Meanwhile, 55 members of the faculty of the Catholic University of Notre Dame, where Jenky serves on the board of fellows, penned an open letter to the university’s president, the Rev. John Jenkins, and university administrator Richard Notebaert, asking them to remove Jenky from his board positions. “We accept that Jenky’s comments are protected by the First Amendment,” the professors conceded, “but we find it profoundly offensive that a member of our beloved University’s highest authority, the Board of Fellows, should compare the president’s actions with those whose genocidal policies murdered tens of millions of people, including the specific targeting of Catholics, Jews and other minorities for their faith.”

The professors asked the administrators to “issue a statement on behalf of the University that will definitively distance Notre Dame from Jenky’s incendiary statement,” and expressed their belief that “it would be in the best interest of Notre Dame if Jenky resigned from the University’s Board of Fellows if he is unwilling to renounce loudly and publicly this destructive analogy.”

Among those stepping up to defend the bishop were parishioners of Peoria’s St. Mary’s Cathedral, where he made the comments, as well as the city’s Mayor, Jim Ardis. “There’s nothing the bishop said that he intentionally meant to hurt folks in the Jewish community or any other community,” Ardis, who is a practicing Catholic, told a local paper. “I absolutely agree with what he said. He was saying, ‘As Catholics, we need leaders to represent our values.’ As time goes on, we see more and more of the government getting into the churches.”

As the criticism over Jenky’s comments escalated, the Peoria Diocese attempted to do some damage control, with Chancellor Patricia Gibson saying in an April 19 statement that Bishop Jenky had merely “expressed concern that our country is starting down a dangerous path that we have seen before in history.” She noted that the bishop had given “several examples of times in history in which religious groups were persecuted because of what they believed. We certainly have not reached the same level of persecution. However, history teaches us to be cautious once we start down the path of limiting religious liberty.”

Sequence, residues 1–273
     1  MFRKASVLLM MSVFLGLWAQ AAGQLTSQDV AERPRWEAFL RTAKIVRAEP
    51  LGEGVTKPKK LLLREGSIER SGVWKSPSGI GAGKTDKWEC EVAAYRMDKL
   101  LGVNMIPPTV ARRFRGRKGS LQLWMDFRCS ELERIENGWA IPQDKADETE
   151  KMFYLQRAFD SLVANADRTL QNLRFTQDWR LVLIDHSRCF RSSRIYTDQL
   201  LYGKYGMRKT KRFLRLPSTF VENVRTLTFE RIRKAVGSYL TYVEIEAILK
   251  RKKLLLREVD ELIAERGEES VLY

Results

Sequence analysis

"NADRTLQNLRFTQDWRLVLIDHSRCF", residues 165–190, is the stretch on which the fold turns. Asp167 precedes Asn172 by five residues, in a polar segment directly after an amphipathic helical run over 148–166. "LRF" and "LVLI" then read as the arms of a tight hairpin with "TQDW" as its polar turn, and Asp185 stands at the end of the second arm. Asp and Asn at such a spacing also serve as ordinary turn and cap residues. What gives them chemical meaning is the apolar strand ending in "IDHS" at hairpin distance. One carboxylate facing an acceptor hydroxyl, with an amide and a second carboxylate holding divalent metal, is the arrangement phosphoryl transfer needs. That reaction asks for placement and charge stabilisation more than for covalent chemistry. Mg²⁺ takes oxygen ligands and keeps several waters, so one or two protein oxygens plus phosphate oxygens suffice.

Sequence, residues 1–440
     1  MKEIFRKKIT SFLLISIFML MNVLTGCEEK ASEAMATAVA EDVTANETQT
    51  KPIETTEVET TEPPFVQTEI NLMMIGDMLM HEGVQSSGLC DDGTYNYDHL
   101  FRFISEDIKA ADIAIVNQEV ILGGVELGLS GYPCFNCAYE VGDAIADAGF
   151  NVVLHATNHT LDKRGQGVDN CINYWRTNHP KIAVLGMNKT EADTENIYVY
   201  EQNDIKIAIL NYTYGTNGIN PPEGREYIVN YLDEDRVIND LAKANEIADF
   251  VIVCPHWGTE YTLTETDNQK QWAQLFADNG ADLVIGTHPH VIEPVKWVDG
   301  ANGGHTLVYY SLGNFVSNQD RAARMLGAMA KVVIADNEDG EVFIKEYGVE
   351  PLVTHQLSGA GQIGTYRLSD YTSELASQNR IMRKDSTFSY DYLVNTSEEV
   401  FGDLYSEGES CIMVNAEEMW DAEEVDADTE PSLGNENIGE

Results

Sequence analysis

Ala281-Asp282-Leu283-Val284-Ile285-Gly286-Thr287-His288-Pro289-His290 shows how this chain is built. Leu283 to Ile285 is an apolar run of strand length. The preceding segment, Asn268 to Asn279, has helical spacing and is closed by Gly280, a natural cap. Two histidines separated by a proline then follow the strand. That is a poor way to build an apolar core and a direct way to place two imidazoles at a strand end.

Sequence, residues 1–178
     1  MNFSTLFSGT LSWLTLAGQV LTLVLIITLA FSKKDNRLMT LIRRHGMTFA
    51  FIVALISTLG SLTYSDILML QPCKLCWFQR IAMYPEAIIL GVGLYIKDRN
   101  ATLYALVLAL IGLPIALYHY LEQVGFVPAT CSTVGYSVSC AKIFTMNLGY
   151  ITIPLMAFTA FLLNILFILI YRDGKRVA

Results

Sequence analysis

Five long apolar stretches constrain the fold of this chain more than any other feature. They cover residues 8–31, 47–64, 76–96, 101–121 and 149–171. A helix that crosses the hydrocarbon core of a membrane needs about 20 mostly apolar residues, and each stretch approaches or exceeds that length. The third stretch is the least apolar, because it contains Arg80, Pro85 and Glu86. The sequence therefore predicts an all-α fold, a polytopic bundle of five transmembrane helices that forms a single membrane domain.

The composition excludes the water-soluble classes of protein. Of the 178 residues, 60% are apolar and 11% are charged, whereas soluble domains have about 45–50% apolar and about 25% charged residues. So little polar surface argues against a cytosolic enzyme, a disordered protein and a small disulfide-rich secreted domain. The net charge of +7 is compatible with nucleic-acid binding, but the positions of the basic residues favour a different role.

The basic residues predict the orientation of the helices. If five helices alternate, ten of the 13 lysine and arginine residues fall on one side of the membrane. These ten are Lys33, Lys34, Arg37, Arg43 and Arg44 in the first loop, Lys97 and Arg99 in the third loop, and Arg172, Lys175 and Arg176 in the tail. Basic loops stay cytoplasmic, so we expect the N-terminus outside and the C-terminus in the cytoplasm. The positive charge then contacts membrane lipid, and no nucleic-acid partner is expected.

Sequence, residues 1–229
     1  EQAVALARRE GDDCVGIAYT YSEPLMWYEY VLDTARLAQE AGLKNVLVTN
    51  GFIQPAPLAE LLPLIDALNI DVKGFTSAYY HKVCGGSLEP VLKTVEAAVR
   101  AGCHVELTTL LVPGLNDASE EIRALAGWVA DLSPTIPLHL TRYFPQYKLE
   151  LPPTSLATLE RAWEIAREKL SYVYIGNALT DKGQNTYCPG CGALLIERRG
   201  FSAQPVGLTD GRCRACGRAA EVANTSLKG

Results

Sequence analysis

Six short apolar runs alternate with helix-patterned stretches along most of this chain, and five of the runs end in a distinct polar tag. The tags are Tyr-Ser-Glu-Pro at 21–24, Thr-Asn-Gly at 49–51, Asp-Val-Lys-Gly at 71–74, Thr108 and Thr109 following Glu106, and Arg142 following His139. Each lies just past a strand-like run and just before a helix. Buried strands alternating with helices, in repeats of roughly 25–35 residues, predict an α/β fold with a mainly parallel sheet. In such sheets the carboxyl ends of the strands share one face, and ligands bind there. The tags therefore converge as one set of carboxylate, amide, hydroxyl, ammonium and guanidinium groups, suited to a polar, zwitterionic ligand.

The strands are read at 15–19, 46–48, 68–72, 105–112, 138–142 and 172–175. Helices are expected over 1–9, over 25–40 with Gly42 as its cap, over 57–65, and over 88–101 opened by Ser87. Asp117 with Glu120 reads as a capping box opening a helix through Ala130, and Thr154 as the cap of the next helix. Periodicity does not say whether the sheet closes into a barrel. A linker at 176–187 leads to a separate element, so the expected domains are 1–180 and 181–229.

The Catholic News Service recalled that Bishop Jenky’s homily “was addressed to more than 500 Catholic men who had marched through the city’s downtown in a steady rain April 14 as part of the annual event ‘A Call to Catholic Men of Faith.’ Focusing mainly on the power of Jesus’ resurrection to embolden today’s believers as it had the early disciples, Bishop Jenky used the occasion to call Catholics to more strongly defend their faith as well as religious liberty.”

The bishop told the assembled Catholic men: “As Christians, we must love our enemies and pray for those who persecute us, but as Christians we must also stand up for what we believe and always be ready to fight for the faith. The days in which we live now require heroic Catholicism, not casual Catholicism. We can no longer be Catholics by accident, but instead be Catholics by conviction.”

The bishop warned that “this is not a war where any believing Catholic may remain neutral,” adding, “No Catholic ministry … can remain faithful to the lordship of the risen Christ and to his glorious Gospel of Life if they are forced to pay for abortions.” He advised that every faithful Catholic “must vote, and must vote their Catholic consciences” in the upcoming elections.